4 out of 4 stars
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World, Incorporated: A Modern Dystopia
This story takes place in 2062. By this time, all world governments, including the United States government, have been overtaken by super corporations like Multinational and World, Inc. The vast majority of people on Earth are passive consumers of corporations, and even religion has been tailored to fit the marketing of super corporations. Independent thinking is considered a threat, and super corporations like World, Inc. hire assassins to kill professors, reverends, and anyone else who promotes independent thinking.
Agent Sliver is an assassin who works for World, Inc. Even though he is used to doing his job mechanically, he begins to question the purpose for some of his assignments. This story is about Agent Sliver learning that he may not be the killing machine his boss Fellrock wants him to be. As Agent Sliver encounters more victims, he has to decide if he wants to continue working as an assassin, or if he wants to run the risk of thinking independently in a world where his every move is being tracked.
Aside from the high levels of technology mentioned in this book, there is also a 1984 theme in the sense that “Big Brother is Watching” every living person on Earth in this story. This can be read as a stark reminder of what will happen if we continue to over monitor everyone through surveillance.
Overall, this story is full of interesting technology, great action scenes and strong character development. I would recommend this story to anyone who enjoys reading futuristic sci-fi novels with fast paced action scenes between characters.
My favorite part of this story was the way Agent Sliver began to question his assignments, because he went from having no remorse to wondering whether some of his victims should be killed at all. My least favorite part was Chapter 4, because this was full of articles that documented how much the world had changed from 2025 to the 2050’s, yet I did not have enough background knowledge of the major changes to understand exactly why certain authors of the articles took the stances they did on certain issues. I would have liked at least one introductory paragraph from Agent Sliver before reading the articles so that I could frame the perspectives and sources a little better while reading.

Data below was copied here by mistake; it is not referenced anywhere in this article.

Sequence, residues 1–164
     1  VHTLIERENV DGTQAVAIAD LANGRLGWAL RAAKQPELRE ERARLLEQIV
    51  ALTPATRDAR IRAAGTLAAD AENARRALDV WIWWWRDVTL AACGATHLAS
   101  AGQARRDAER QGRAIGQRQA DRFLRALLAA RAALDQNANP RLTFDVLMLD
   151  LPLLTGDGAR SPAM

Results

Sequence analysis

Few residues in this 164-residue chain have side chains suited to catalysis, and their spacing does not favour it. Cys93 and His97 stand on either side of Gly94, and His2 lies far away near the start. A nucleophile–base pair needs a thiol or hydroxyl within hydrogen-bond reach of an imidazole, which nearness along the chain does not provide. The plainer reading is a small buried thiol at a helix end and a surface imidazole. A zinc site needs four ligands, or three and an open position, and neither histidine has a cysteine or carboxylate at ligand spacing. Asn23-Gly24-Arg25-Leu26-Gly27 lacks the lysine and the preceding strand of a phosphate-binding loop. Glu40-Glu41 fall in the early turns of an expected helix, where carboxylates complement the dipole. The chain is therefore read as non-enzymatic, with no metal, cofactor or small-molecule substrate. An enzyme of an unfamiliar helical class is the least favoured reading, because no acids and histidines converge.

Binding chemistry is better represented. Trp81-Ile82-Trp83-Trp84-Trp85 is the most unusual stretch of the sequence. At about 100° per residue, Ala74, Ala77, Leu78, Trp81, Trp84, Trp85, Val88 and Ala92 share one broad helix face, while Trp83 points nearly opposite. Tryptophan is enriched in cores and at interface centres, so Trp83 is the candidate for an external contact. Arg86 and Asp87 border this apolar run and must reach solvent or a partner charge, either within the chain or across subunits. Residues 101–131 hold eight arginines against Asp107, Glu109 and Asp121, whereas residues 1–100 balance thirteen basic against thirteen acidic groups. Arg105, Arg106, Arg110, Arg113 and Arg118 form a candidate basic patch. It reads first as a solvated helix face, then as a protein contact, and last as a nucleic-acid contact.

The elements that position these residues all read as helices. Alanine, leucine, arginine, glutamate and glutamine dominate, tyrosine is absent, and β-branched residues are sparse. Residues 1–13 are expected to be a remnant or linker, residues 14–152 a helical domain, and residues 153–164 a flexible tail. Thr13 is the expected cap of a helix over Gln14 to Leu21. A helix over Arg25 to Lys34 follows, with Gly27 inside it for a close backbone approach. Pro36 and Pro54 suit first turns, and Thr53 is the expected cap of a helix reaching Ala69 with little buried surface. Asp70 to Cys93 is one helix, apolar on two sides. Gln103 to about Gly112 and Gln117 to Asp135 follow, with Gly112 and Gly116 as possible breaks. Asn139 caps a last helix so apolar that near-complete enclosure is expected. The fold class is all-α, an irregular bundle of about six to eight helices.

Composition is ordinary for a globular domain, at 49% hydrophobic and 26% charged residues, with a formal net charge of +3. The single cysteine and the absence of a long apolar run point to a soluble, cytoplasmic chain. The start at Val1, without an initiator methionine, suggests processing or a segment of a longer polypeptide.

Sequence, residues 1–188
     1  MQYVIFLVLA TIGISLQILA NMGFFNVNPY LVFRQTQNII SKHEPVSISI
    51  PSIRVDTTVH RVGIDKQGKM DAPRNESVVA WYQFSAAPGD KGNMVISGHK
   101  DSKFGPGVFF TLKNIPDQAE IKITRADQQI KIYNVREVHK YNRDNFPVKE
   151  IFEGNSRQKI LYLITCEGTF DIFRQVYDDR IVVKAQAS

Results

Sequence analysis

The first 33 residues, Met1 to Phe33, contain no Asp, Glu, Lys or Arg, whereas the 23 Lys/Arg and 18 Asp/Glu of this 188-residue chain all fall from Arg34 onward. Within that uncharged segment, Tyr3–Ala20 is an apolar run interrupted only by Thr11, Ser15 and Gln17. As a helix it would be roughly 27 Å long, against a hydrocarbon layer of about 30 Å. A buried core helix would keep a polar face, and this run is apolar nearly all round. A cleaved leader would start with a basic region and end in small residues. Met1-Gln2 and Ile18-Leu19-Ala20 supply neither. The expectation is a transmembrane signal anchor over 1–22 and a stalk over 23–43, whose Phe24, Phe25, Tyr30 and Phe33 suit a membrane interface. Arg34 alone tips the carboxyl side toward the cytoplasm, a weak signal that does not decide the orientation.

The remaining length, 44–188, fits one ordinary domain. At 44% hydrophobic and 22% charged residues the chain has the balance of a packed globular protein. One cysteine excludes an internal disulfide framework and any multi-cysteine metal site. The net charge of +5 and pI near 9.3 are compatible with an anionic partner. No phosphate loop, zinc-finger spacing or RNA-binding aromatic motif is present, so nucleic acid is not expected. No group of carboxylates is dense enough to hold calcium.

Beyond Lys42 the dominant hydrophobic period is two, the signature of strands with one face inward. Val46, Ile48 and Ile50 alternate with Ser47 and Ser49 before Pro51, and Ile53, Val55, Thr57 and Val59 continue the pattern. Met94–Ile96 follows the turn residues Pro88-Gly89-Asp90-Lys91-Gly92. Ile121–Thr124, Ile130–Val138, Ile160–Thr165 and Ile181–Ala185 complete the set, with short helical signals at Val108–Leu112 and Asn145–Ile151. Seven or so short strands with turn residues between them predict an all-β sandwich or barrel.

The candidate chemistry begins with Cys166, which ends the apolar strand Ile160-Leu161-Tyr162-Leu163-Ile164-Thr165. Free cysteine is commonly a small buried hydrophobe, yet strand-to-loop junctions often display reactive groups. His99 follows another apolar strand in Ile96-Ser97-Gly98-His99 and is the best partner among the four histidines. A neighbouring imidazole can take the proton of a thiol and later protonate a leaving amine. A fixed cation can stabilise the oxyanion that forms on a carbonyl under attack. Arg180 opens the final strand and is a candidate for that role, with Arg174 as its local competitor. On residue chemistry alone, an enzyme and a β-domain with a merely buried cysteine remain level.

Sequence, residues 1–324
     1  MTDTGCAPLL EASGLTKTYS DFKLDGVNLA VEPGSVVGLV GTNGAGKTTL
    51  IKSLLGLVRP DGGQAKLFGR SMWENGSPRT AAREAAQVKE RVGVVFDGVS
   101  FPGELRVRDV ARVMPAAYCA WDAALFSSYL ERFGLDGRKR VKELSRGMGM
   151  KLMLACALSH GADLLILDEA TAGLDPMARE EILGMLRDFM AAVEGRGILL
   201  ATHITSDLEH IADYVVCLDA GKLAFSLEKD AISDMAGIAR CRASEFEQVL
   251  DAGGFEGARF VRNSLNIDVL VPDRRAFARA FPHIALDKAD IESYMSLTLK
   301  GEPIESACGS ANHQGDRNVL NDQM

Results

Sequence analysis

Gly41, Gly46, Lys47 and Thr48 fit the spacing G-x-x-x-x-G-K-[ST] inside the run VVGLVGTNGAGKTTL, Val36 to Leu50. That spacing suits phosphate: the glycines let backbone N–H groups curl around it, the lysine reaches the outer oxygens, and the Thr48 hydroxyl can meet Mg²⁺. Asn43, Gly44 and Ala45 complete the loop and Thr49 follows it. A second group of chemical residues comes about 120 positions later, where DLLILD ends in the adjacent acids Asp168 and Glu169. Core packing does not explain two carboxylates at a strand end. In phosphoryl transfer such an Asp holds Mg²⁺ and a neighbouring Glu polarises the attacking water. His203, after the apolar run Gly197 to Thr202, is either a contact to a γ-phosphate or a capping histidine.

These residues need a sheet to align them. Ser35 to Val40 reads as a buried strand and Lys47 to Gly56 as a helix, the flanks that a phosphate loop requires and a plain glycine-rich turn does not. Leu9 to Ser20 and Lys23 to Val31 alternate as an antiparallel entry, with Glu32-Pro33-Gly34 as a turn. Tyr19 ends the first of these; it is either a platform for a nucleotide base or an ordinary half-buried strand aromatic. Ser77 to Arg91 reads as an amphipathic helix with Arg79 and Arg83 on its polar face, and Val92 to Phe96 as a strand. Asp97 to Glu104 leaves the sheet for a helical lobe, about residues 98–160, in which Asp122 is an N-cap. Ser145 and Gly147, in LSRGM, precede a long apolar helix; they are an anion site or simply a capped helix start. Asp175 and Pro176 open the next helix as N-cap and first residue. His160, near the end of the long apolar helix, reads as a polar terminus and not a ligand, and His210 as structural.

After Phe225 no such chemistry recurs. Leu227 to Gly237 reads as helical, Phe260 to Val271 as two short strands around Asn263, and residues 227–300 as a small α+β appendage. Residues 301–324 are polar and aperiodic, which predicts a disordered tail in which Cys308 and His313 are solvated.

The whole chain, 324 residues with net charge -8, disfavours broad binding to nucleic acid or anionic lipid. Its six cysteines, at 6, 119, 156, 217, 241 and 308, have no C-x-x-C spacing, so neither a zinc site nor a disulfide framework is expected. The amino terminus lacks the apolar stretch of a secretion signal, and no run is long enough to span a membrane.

Aside from several small grammatical errors, I could not put this book down. The story was full of fast paced action scenes, unexpected twists and turns, and there were strong explanations for Agent Slivers motives. I greatly appreciated the time the author took to not only explain Agent Slivers motives, but also the motives of all those around him including his boss, Fellrock. I would give this book 4 out of 4 stars for the strong warning of what our world could become if we are nothing more than passive consumers, as well as the strong character development in the way Agent Sliver began to question what it means to be human.
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